Several moments sparked the desire to speak out starting with a Cultural Diversity Group I joined at my church a few months ago. We only met once before the pandemic, but that encounter wrecked me. I participated in a privilege walk, where a list of questions was asked and each of us either took one step forward or one step back depending on our answer. All of the questions were things that were out of our control; upbringing, race, gender, economic status, etc… At the end, we looked around the room. I was towards the front with other white friends and behind me, staggered toward the back exit were all my new friends of color. Our ending positions represented where each of us started in life for reasons beyond our control. Seeing the systemic racial disparity in a visual setting like that shattered my heart, but I still was not to the point of saying anything publicly.

That all changed when I saw the murder of George Floyd and the lack of quick correction for the officers responsible. Racial injustice. Systemic racism. There it was, as clear as day. The grief, anger and passion was boiling up inside of me. I knew I had to do something and the only thing I could think of at the time was to take to my social media accounts and post “Black Lives Matter.”

The response I received overwhelmed me. While many of my white Christian friends disguised racially charged comments with scripture and empty Christianese jargon, the majority of feedback came from friends and strangers saying, “thank you.” All I did was make a post and confront clear prejudice in my comment section, but it mattered to people and they encouraged me to keep using my privilege to speak out.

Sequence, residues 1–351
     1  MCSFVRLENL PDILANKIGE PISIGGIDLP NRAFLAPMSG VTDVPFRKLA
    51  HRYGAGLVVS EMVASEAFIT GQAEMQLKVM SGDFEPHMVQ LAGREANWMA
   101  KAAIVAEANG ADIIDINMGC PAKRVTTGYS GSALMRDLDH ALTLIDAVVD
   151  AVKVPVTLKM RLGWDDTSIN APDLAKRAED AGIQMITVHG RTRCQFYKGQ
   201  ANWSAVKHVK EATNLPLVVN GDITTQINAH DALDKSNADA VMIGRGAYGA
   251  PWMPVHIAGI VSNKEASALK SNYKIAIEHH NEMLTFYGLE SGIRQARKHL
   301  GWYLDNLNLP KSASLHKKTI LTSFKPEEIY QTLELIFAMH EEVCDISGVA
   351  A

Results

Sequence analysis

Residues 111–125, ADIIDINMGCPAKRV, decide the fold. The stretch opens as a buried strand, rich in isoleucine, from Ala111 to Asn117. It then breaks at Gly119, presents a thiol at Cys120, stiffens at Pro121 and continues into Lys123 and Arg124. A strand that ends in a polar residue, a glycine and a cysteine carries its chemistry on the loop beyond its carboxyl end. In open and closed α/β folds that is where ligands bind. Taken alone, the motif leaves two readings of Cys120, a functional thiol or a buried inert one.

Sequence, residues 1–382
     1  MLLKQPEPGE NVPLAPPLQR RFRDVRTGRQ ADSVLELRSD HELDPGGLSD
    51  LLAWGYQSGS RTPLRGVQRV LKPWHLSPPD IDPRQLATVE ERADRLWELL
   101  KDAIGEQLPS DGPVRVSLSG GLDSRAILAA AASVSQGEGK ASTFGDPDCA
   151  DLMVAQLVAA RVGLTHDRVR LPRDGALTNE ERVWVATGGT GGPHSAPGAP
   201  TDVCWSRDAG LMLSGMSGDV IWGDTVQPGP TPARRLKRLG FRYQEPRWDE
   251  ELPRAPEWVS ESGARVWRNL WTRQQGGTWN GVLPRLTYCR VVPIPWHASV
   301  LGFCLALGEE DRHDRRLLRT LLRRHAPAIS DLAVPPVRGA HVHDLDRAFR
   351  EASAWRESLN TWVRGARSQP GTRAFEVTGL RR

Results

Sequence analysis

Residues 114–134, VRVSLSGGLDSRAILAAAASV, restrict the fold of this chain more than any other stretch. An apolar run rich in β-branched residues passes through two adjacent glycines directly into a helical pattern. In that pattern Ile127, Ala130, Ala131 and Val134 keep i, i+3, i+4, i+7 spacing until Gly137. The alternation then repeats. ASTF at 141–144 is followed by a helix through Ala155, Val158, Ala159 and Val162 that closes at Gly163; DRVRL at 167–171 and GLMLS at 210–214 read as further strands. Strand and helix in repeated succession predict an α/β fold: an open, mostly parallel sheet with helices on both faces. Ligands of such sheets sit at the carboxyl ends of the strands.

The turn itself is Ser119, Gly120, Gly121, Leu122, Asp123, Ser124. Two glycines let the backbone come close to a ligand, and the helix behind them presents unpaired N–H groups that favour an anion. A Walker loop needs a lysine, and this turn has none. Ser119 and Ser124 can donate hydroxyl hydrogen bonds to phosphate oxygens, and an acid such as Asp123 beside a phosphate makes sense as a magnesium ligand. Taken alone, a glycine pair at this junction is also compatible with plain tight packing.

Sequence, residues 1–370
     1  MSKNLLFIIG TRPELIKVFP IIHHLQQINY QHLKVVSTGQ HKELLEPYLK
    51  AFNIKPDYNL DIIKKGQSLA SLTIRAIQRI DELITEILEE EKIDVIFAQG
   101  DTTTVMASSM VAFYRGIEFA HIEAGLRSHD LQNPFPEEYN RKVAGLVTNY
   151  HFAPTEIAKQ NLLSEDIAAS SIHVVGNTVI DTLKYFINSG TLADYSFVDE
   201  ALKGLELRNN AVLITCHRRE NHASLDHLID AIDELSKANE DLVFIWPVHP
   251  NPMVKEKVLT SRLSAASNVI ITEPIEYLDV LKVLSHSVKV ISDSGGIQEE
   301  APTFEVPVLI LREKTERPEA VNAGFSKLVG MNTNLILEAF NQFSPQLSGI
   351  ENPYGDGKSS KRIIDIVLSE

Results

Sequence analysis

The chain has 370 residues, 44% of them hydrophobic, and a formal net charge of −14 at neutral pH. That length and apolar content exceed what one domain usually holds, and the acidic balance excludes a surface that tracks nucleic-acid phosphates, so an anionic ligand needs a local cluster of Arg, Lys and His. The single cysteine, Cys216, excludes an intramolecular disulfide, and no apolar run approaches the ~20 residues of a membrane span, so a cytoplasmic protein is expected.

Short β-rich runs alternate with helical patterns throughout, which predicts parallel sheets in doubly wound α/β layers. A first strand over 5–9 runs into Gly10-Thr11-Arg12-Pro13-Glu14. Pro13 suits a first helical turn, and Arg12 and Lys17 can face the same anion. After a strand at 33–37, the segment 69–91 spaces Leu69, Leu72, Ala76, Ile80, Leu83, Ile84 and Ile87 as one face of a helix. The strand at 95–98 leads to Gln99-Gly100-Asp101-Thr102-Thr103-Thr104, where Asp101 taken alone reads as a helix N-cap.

I don’t know how to solve racial injustice and systemic racism and I honestly feel incredibly inadequate in this fight. I will never truly understand the black experience, but I am ready to listen. I am taking intentional steps to educate myself further so I can be a true ally of racial justice and equality. I know I will make mistakes, but I humbly open myself up for correction when I’m wrong.

I believe if Jesus was walking this earth today, he would be vocal in this fight too, marching among the oppressed with “Black Lives Matter” signs. He said as much to the religious leaders in Luke 15:4-6:

“Suppose one of you has a hundred sheep and loses one of them. Doesn’t he leave the ninety-nine in the open country and go after the lost sheep until he finds it? And when he finds it, he joyfully puts it on his shoulders and goes home.”

Just because the shepherd went after the one sheep didn’t discount the importance of the others. Of course, the other sheep still mattered to him. But the one was in need. Friends, it’s time to champion the cause of the black community. If we truly believe the words of Jesus, then helping the one in need is our cause too.

Because black lives matter.

This piece originally appeared on the Website for Wayhouse Media on June 5, 2020. Matt Allbritton, the owner of Wayhouse, has joined the contributing authors at Faith on View. Essays previously published by Wayhouse Media are being republished on Faith on View.